Since most streets are not paved, when the snow disappears there is a lot of dust. Clothes get dirty when one goes out. Hence, there is lot of laundry for the women to do. Laundry is often postponed until there is running water.
While there is no specific times for running water, it may be delayed for a day or so, therefore, all the women are on red alert for two days. As soon as the only tap, which is in the courtyard, begins vomiting water, a big drill begins. Abai gets busy boiling water since clothes, unlike crockery, cannot be washed in cold water. Husna begins rinsing dirty linen in a bucket. In the backyard, Jamila is busy putting buckets of water in another samovar. This is the weekly opportunity for the women to bathe. Meanwhile, Laima will be running to the bathrooms, kitchen and toilet to fill every possible tank, bucket and empty bottle to store water.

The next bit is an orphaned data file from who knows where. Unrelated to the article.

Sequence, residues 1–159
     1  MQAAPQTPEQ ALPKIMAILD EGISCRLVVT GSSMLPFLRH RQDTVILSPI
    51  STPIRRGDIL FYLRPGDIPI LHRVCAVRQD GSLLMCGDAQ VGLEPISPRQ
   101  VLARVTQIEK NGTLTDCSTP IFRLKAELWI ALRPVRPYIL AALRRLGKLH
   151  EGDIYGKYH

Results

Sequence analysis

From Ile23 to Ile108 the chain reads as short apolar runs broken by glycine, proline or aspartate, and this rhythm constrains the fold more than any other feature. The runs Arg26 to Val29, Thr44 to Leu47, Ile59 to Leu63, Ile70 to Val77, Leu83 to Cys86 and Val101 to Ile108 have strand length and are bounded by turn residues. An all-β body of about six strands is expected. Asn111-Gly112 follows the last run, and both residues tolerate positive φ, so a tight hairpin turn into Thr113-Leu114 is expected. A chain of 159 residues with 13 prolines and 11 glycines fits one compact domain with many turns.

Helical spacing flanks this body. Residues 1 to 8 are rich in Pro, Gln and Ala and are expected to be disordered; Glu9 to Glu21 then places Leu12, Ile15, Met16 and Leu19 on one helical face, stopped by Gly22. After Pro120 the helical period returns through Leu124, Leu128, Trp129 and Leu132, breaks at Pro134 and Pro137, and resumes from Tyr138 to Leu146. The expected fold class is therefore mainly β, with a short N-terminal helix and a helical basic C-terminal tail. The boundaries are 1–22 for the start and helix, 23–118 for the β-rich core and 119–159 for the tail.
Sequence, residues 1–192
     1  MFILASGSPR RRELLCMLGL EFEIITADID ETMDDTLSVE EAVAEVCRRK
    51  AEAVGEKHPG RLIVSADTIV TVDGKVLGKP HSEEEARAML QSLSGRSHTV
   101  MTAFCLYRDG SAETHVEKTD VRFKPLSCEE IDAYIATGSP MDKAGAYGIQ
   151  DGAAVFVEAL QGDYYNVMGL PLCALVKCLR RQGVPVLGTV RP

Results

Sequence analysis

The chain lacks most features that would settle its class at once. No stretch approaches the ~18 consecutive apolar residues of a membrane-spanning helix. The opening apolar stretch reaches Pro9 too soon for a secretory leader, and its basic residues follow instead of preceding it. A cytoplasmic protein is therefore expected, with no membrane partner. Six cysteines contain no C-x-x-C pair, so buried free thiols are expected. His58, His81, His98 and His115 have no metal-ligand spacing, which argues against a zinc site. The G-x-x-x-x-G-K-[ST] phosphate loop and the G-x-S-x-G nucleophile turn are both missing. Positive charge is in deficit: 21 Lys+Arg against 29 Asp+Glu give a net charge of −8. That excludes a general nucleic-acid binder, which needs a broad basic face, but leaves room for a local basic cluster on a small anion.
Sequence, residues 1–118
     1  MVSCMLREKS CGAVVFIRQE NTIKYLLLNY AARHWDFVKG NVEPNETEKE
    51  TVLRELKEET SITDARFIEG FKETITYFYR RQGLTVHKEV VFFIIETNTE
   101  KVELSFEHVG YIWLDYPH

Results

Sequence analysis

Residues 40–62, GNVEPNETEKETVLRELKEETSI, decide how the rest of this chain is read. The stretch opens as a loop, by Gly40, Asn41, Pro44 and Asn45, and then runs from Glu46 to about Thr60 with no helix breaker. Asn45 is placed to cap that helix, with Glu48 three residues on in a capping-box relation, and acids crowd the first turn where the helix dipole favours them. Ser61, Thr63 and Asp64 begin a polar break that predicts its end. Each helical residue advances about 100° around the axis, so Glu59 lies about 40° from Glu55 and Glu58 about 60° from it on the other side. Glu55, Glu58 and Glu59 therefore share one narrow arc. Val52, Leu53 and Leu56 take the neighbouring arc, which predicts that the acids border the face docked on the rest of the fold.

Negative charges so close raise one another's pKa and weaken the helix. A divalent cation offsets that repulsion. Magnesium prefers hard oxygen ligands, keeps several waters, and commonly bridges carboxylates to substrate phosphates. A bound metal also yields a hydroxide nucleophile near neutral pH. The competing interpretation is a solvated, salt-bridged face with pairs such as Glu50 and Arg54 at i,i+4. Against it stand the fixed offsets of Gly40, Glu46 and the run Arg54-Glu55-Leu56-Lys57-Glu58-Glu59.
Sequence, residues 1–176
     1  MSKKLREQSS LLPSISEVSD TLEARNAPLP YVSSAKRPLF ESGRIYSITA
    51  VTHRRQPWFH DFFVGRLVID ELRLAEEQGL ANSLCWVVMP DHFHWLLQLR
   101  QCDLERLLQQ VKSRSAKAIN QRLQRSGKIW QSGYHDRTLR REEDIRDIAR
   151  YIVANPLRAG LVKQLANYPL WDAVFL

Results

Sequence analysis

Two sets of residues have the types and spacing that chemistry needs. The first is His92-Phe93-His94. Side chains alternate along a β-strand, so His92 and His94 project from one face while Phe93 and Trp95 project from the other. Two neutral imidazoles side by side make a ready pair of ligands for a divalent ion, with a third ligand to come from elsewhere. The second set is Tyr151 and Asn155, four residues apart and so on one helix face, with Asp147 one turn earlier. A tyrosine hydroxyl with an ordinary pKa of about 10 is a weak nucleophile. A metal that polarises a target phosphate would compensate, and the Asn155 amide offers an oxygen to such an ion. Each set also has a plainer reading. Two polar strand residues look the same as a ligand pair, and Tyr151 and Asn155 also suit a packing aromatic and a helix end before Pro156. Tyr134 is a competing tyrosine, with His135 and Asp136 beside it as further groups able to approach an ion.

Daily chores make it hard for Husna and Salma to continue their studies. They study English language and computer courses respectively. This is a bit unusual in Afghanistan. Girls, once married, are almost never allowed to continue their studies. Eighty-four per cent of women are unable to read and write compared to 69 per cent of men. This is despite the boast of the administration of Harmid Karzai that about 2 million girls are registered at schools and colleges.
The Shah family is liberal by Afghan standards. But even for a liberal like Salman Shah, watching the very popular romantic Indian TV soaps in the presence of his daughter or daughters-in-law is inappropriate.